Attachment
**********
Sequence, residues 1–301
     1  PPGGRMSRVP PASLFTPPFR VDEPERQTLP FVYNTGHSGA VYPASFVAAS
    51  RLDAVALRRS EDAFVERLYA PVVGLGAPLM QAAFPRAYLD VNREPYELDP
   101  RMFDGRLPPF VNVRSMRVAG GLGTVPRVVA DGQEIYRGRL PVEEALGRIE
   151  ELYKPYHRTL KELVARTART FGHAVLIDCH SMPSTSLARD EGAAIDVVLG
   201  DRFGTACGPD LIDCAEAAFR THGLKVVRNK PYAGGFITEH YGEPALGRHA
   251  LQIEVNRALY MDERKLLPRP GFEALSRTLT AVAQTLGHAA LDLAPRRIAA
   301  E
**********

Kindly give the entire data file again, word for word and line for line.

Sequence, residues 1–301
     1  PPGGRMSRVP PASLFTPPFR VDEPERQTLP FVYNTGHSGA VYPASFVAAS
    51  RLDAVALRRS EDAFVERLYA PVVGLGAPLM QAAFPRAYLD VNREPYELDP
   101  RMFDGRLPPF VNVRSMRVAG GLGTVPRVVA DGQEIYRGRL PVEEALGRIE
   151  ELYKPYHRTL KELVARTART FGHAVLIDCH SMPSTSLARD EGAAIDVVLG
   201  DRFGTACGPD LIDCAEAAFR THGLKVVRNK PYAGGFITEH YGEPALGRHA
   251  LQIEVNRALY MDERKLLPRP GFEALSRTLT AVAQTLGHAA LDLAPRRIAA
   301  E